Stephens indicated that these delays can be a blessing in disguise, even though they add to the burden of the petitioners. “The people for whom I’ve seen it work the best are those who have used this time to grow in their Catholic faith and grow in their prayer life, and to increase their trust in God.”

Overseeing the tribunal has added a certain level of awareness to Father Runyon’s priestly ministry, as he can advise couples going through marriage preparation about areas that they should address before saying “I do,” yet without revealing any details about specific cases. He has seen cases come through the tribunal in which he presided over the marriage, but he is not the assigned judge on those cases.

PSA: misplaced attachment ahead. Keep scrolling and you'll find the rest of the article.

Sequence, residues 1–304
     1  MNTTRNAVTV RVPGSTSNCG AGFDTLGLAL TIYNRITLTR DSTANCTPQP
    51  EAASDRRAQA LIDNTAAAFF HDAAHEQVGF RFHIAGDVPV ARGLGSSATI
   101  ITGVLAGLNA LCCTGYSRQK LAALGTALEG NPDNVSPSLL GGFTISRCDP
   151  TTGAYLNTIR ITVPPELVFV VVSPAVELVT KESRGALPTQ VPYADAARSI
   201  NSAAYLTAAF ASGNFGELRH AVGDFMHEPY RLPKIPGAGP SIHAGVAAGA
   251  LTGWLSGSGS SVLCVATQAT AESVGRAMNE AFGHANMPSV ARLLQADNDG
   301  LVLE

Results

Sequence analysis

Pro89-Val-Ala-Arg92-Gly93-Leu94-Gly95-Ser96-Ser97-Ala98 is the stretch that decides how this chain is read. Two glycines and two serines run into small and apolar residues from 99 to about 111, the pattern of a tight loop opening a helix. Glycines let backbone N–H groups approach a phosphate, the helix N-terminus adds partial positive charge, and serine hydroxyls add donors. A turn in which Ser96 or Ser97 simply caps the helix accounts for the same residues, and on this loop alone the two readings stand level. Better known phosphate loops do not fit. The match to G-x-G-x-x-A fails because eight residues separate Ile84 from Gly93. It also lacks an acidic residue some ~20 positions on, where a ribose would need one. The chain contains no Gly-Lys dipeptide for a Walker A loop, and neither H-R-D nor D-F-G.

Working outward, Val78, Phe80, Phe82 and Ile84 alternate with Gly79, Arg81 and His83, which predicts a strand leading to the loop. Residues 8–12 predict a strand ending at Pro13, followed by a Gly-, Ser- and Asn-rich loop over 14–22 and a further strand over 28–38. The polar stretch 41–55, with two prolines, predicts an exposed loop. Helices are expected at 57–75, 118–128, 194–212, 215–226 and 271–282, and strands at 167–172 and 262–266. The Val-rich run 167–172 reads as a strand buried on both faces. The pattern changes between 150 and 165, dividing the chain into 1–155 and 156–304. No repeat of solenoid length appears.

Helping bring people back into full communion with the Church is the most satisfying part of working in the tribunal, members of the staff said. It is not always a smooth or easy process due to the “messiness of the human situation,” as Father Runyon put it, but to see a person’s case brought to justice brings fulfilment.

Further information on the nature of annulments and answers to many of the questions petitioners have prior to beginning the process can be found on the tribunal page of the diocese website,